Residents of Canaan/ Bon Accord affected by the expansion of the ANR Robinson International Airport terminal have began receiving section 4 notices, an action deemed as a “slap in the face” by a well-established attorney, currently aiding residents.
In a press release on Thursday, the National Infrastructure Development Company Limited (Nidco) said residents now have until February 2020 to vacate their property and hand it over to the State.
The release said: “Section 4 Legal Notices for the acquisition of lands were published in the Trinidad and Tobago Gazette on September 6 and are currently being served to affected landowners and occupiers. The Section 4 Legal Notice allows the State to enter and take possession of land to start construction of the new airport.”
It added, however, that the State will not take possession immediately, as affected residents will have six months from the service of Section 4 Legal Notices to vacate. The deadline to vacate lands is the end of February 2020.
It noted that affected residents are encouraged to submit their claims for compensation and begin the process of negotiation for settlement as soon as possible.
“Claimants can expect the payment of compensation to commence in mid to late October 2019, once settlement has been reached between the State and the claimant. Reasonable costs incurred in the preparation of claims will be paid by the State as part of a claimant’s compensation package, inclusive of the claimant’s valuer’s fee. Valuers will not be paid directly by the State,” it said.
The attorney, who spoke on the condition of anonymity, told Newsday on Friday, “The process that they have embarked upon leaves a lot to be desired. At a time when they (the residents) just held a meeting with the Chief Secretary, to come now and serve these notices, it is a slap in the face, a further misstep in my view, because not because they met in the office of the Chief Secretary it augurs well.”
The attorney said the Central Government would have taken this decision, “however, the manner in which they have gone about to begin with, in making the decision in the first place with compulsory acquisition and now having taken the decision, the process is unfolding. ”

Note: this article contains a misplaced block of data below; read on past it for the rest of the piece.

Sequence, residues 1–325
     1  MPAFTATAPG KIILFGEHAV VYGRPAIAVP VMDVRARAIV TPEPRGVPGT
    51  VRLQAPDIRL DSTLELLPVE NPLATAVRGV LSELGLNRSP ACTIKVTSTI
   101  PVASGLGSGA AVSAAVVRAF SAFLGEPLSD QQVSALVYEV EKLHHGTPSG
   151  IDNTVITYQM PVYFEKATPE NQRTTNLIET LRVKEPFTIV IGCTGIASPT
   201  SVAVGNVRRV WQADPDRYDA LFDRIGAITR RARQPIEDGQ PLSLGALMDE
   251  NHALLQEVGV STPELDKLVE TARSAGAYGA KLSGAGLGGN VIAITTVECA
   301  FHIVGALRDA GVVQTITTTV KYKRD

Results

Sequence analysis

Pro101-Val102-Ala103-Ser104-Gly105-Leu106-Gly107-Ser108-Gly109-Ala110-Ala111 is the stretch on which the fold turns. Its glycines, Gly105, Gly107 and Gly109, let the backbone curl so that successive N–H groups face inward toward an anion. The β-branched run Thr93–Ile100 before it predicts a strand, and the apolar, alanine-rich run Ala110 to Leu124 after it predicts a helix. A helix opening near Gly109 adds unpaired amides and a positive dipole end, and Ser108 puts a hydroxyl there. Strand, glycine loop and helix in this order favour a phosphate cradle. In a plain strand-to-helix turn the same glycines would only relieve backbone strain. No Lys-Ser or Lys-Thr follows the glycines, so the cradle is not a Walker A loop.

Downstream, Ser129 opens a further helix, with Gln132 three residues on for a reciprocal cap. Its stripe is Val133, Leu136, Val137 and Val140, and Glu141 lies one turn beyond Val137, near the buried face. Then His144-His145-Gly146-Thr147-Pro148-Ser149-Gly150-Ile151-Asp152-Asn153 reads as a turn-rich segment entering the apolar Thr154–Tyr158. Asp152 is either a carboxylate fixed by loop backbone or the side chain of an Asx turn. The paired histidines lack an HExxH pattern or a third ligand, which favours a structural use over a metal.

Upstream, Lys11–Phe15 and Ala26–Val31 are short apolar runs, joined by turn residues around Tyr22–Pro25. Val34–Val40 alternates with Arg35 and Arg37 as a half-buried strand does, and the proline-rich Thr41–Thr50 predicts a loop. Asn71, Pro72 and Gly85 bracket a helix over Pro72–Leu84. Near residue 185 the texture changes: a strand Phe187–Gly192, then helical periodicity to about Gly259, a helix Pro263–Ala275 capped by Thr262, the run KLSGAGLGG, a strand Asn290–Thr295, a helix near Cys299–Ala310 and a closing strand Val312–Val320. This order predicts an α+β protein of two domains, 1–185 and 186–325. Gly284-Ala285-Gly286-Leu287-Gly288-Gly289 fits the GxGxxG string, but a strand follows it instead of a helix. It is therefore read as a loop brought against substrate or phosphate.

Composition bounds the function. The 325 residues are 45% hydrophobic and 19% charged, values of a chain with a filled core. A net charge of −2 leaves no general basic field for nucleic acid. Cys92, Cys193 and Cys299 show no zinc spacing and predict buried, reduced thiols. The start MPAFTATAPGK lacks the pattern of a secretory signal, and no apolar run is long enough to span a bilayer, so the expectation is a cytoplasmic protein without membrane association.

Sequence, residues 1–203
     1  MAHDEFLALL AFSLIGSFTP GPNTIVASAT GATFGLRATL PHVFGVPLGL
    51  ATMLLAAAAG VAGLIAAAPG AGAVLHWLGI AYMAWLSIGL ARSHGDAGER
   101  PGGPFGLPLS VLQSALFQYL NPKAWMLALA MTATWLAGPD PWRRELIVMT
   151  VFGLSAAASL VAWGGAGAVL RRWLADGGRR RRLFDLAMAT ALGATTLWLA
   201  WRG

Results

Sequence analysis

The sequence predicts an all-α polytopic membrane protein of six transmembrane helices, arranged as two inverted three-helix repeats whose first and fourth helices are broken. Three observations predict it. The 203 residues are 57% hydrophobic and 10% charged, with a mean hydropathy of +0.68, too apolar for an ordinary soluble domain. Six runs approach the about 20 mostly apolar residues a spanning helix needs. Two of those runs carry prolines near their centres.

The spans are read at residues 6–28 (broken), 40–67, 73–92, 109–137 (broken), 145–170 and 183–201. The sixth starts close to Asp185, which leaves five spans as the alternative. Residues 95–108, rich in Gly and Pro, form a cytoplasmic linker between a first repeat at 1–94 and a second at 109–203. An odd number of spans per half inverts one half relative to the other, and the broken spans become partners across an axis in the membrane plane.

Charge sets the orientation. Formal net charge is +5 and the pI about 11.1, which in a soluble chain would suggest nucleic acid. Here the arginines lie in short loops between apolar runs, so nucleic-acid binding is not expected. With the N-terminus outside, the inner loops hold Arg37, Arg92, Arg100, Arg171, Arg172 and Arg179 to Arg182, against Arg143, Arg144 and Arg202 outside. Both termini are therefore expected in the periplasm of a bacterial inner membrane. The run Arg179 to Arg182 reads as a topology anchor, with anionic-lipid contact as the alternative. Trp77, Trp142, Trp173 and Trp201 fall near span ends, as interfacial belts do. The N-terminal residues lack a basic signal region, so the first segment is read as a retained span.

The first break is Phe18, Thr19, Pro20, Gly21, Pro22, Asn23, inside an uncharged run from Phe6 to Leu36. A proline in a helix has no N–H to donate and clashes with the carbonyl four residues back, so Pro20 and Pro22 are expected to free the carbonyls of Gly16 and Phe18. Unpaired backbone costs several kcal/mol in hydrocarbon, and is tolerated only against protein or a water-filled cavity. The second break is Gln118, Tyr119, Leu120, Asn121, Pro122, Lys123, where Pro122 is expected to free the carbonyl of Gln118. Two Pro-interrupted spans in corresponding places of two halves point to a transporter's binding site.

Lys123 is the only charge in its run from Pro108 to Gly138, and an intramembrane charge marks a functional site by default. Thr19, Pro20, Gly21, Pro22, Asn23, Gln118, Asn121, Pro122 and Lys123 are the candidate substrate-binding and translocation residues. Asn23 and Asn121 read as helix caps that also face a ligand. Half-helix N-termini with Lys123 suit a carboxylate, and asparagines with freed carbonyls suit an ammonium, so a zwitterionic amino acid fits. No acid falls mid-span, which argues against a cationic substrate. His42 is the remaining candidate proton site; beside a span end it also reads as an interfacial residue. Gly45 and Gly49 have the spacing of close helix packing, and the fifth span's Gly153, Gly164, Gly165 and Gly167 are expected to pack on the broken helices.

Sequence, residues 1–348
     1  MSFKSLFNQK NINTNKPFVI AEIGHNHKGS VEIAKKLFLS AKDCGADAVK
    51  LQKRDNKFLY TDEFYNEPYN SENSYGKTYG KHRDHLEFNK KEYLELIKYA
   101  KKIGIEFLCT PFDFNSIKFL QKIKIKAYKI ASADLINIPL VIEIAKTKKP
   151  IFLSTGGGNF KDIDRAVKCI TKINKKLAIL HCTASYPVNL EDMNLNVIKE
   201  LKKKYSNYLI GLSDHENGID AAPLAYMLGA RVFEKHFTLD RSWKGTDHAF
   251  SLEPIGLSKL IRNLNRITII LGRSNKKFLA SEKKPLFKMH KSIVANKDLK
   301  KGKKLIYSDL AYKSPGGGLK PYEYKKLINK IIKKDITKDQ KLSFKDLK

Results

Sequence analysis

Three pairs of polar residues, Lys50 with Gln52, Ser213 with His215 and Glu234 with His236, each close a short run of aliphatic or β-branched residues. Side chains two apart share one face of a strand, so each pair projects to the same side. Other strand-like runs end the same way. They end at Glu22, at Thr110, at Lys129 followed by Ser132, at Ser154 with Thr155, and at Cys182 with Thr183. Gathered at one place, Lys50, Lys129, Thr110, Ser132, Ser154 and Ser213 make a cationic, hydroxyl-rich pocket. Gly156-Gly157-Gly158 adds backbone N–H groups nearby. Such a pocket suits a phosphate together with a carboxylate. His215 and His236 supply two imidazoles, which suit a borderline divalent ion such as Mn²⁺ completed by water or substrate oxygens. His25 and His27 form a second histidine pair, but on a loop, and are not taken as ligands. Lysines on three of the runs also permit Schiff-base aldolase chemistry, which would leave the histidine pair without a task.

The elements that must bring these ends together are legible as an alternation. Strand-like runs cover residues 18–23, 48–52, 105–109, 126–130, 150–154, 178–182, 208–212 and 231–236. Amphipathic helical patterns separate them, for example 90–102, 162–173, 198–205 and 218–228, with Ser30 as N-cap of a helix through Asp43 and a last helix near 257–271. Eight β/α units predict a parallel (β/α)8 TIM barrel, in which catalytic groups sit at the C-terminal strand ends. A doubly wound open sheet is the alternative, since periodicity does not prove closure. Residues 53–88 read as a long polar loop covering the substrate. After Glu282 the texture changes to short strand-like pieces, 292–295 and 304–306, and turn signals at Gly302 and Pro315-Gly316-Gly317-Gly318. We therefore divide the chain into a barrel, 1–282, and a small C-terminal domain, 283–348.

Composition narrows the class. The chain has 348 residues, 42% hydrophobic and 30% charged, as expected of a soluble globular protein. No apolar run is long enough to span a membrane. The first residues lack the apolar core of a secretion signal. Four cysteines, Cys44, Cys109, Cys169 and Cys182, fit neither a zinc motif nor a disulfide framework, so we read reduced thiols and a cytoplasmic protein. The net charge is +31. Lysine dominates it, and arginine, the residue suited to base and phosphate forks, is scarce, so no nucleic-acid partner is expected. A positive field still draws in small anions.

The attorney said communication with the residents continues to be lacking.
“Instead of coming like a thief in the night last year May, when a consultation was held at the Rovanel’s hotel and that is when it was announced that the airport terminal building would have been constructed and 84 acres of land needed to be acquired...The whole process seems to be full of missteps and they continue to mishandle the situation.”
The attorney said although the terminal was always on the cards, the change in government resulted in an expansion of the initial project.
“In this tough guava season, they could have gone about it in a different way...Not just the location, the size... the general dimensions, I am sensing that that change to go eastwards of the existing airport terminal may have happened when the government changed in 2015. To me that is where there is a lot of transparency and there is a need to better understand when that shift happened, and even if there was shift... there would have been collaboration with the Airports Authority and the THA spearheading that process, and low and behold there was an announcement that Nidco would be managing the process, a process that concerns the lives of so many Tobagonians and that to me requires a level of care.”
Having received the notices, residents met on Thursday evening among themselves to discuss their next step. Contacted for comment, leader of PEECE (Provide Equivalent Equitable Compensation for Everyone) movement, Rhonda Hackett said residents are upset. She promised to host a press conference to update the public on the situation.